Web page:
Configuring Client Certificate Revocation
Certificates installed on client devices can be used to authenticate users or devices, giving them access to a
particular realm. A certificate is usually valid until it expires, but it is possible for it to be compromised before it
expires. For example, a CA may decide that a certificate was improperly issued, or its private key may have been
You can consult a certificate revocation list (CRL) to check a certificate’s validity (its location—the CRL
distribution point, or CDP—is typically included in the X.509 certificate). If a certificate is no longer valid, the
user is denied access. CRLs are published for each authority and can contain status of only the certificates issued
by that certificate authority. This requires a separate, hierarchical CRL server for each CA that you want to trust.
The client needs to know the public key for each CA in the chain to verify each certificate and CA at each level in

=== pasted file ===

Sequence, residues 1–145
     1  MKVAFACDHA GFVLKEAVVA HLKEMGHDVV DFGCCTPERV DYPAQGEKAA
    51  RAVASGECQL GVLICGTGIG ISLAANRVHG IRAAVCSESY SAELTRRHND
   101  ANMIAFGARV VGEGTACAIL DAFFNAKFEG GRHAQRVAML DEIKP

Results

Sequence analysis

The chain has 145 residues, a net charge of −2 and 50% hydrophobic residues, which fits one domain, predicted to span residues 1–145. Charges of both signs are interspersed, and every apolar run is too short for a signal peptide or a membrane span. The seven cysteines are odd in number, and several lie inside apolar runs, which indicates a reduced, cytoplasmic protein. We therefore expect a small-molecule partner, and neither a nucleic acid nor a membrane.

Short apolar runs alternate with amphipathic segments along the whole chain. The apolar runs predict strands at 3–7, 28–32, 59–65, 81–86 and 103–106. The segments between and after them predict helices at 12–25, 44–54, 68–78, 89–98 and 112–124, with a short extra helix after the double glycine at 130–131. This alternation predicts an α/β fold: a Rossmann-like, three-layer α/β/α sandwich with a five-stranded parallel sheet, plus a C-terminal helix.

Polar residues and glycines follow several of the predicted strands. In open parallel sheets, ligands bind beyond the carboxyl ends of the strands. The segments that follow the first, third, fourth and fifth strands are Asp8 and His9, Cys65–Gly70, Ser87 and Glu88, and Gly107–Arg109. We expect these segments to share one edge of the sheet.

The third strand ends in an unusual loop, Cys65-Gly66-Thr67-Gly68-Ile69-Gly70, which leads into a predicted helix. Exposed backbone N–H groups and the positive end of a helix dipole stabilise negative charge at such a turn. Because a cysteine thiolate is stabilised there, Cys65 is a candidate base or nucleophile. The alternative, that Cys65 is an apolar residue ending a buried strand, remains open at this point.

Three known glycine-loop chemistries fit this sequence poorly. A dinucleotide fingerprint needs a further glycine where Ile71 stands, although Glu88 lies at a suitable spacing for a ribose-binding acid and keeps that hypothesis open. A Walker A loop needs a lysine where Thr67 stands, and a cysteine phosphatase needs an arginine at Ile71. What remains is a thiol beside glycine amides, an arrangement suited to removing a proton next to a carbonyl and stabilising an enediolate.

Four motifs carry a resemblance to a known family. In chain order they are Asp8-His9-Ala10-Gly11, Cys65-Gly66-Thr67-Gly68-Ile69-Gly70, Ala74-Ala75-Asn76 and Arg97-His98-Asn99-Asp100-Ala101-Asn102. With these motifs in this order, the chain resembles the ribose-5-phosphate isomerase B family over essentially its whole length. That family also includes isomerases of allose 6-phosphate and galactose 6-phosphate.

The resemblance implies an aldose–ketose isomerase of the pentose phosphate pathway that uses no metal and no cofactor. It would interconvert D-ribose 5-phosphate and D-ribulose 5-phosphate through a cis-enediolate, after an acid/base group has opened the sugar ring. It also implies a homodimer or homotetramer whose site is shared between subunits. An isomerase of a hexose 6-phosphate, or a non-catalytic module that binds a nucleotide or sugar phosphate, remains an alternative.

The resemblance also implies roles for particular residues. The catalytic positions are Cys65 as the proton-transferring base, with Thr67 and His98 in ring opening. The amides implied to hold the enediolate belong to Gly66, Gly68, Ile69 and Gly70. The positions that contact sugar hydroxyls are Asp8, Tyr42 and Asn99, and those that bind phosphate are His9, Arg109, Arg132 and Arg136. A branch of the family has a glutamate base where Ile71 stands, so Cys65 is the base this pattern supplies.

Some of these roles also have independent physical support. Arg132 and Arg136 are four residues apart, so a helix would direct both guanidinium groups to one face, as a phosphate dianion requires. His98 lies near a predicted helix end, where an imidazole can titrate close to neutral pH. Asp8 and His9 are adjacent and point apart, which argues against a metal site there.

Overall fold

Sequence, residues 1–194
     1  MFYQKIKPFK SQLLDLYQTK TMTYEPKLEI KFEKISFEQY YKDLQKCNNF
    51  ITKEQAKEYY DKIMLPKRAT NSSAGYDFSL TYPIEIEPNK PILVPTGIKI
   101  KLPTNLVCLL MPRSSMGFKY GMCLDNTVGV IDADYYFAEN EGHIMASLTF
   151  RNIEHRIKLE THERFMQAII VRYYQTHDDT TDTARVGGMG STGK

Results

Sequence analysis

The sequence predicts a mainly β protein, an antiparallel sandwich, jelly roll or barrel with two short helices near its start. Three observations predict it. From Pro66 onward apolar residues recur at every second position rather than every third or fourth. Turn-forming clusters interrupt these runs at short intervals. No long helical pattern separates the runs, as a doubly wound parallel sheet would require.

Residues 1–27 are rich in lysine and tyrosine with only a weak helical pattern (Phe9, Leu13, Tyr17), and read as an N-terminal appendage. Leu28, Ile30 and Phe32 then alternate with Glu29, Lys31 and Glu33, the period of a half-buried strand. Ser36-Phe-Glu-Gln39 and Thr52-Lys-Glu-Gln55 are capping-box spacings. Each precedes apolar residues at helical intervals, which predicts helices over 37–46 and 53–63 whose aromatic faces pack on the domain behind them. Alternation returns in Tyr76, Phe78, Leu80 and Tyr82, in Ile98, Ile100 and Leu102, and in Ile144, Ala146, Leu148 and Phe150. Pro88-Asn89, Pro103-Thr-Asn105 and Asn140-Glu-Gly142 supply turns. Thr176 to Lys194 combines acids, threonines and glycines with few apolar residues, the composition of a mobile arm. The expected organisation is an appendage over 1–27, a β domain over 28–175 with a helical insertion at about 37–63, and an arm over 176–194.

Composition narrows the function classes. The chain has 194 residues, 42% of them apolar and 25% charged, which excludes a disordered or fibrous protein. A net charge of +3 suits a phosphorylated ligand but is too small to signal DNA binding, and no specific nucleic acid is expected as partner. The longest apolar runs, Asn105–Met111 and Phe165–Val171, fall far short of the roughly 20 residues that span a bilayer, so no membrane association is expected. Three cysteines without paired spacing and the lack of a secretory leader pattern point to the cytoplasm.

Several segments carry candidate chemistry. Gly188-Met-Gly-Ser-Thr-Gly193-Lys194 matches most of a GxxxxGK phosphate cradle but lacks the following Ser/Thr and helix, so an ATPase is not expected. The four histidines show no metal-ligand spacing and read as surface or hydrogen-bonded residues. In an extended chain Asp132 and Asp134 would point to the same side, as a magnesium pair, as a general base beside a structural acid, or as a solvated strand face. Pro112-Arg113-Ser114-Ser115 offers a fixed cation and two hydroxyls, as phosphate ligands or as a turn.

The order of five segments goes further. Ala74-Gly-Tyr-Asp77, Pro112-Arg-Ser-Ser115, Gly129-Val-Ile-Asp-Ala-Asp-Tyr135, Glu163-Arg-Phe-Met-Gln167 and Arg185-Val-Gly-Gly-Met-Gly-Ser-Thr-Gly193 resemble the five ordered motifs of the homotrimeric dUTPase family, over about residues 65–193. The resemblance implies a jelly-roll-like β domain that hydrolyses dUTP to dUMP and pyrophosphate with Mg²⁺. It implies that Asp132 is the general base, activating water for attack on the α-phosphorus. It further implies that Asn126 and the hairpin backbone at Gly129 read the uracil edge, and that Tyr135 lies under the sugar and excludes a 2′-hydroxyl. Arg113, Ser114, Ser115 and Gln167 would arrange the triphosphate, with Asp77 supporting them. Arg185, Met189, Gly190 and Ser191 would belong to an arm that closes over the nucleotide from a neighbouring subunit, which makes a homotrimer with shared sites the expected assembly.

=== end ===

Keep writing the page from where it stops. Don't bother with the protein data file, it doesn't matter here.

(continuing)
Online Certificate Status Protocol (OCSP) and an OCSP responder server can be used instead of a CRL server to
check the status of a certificate. OCSP responders take the certificate from a client, evaluate it and give back a
response to the server as revoked, unrevoked, or unknown. OCSP can save bandwidth in a large organization, as
the CRL server list can get very large. OCSPs can be configured to operate for any number of CAs and certificates.
A single OCSP server can be configured for the entire PKI infrastructure, irrespective of CA relations.
If both CRL and OCSP are enabled for a CA certificate, only OCSP will be used.
Fallback from CRL to OCSP or OCSP to CRL is not supported.
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